Terraform is targeting to provision multi-hosting-provider provisioning. If your infrastructure is based only on AWS or on only 1 other hosting provider - Terraform is not the tool for you.
Why this post exists?
I do want to share my experience with Terraform and hopefully, save some of your time.
I did try Terraform with this blog. It worked really well. In couple hours I had the whole stack as the code. I was able to provision whole new blog with 1 command. And was really happy about it.
Then I gave a shot for it to provision one of the microservices at work. The level of details raised drastically, I ended up using modules, structuring the code and etc.
It is still relatively simple: ASG, Solr Slave/Master ASG, Redis (AWS ElasticCache), ELB, Route53, S3 etc… All in HA.
Everything was cool until… I needed Redis MultiAZ configuration. And that was a bummer. Before starting I did check, that there was AWS Redis module, and there were appropriate settings, and I couldn’t even think, that this setting could be missing.
Ok, I did hit the problem on day 2, when I actually had almost everything. That was the instant blocker.
While I was using the tool I noticed, that it is not really stable, and there are sometimes situations, when Terraform is not waiting enough time for components to provision and it would fail.
Provisioning failures in Terraform is another story. It means you need manual action. Which is really inconvenient, if I want just to spawn new testing environment, and for some reason, it fails. Executing the command second time it fixes the issues. Strange right? You think it is about dependencies being not set between components. Nope, it is not.
So, relying on this 3rd party did cost time and effort to migrate from it away.
Terraform. When it actually works with AWS.
- You are not familiar with AWS.
- You are scared of AWS Cloudformation. Especially documentation is not very friendly, it takes an effort to get familiar.
- Your infrastructure is really simple. P.S. I just want to provision this S3 website.
- AWS is one the hosting platforms you use and Terraform can actually glue these infrastructures. Here your infrastructure needs to be simple enough. I do not see how complex architectures can be covered by Terraform.
Terraform. The good example
Use it to provision multi-hosting infrastructure. And on separate providers use other specialized tools:
- do provision AWS with specialized AWS Cloudformation tool . Saltstack can provision external template - “AWS_CLOUDFORMATION_STACK”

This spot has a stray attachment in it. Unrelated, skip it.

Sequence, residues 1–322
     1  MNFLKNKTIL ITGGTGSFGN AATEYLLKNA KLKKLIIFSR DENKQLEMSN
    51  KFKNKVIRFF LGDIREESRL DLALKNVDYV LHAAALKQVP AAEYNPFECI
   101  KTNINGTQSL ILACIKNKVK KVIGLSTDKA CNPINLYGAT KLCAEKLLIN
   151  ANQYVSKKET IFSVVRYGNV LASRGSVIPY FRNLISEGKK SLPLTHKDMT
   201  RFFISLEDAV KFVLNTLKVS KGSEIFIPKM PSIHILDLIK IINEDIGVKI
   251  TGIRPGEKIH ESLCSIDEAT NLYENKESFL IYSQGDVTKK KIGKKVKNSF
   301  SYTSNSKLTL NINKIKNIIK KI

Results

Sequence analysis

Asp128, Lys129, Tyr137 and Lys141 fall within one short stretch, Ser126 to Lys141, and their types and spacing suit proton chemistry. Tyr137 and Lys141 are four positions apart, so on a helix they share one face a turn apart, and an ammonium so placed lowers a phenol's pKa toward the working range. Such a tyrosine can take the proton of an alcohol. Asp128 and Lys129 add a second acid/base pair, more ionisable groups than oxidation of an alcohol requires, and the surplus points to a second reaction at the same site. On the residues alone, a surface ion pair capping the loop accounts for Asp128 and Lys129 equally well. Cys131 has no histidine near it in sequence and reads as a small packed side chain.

- do provision on DigitalOcean or Saltstack/Puppet and etc.
This way Terraform would do what it does the best - manage multi-hosting platform configuration. And single platform specialized tools can be used to provision with latest features support.
It is developed relatively good pace - last month 195 merged pull requests, 153 closed issues. But.
What matters the most, that it will be always behind what hosting platform can provide. This is the problem for all unofficial tools, which are trying to replace, improve and or simplify official tools.
For example, to have MultiAZ replication available for Redis it took around 8 months. And still, it is not clear how stable it is:
- first raised issue https://github.com/hashicorp/terraform/issues/4361
- PR which solves it https://github.com/hashicorp/terraform/pull/8275
It is hard to rely on 3rd parties when it not clear when to appropriate AWS modules will be updated. And how many bugs it will add up on top?
- Use official provisioning tool. It is supported by AWS and tested by time and huge configurations.
- Spend more time on documentation pages for checking key points of the problem you are solving. After confirmation that required functionality, check how hard it is to build a prototype.
- 3rd parties tools come with its own:
- AWS limitations
- versioning handling
This only complicates your infrastructure provisioning from your CI.
Migration from Terraform to AWS Cloudformation
It is something for another blog post. But heads up - it took exactly 1 day to have the whole infrastructure as code in AWS Cloudformation. And without limitations found on Terraform.
- Do not use Terraform if your infrastructure based on single hosting platform only.
- Use it for multi-hosting setups only to cover the connection between them.
- Use platform-specific tools if available.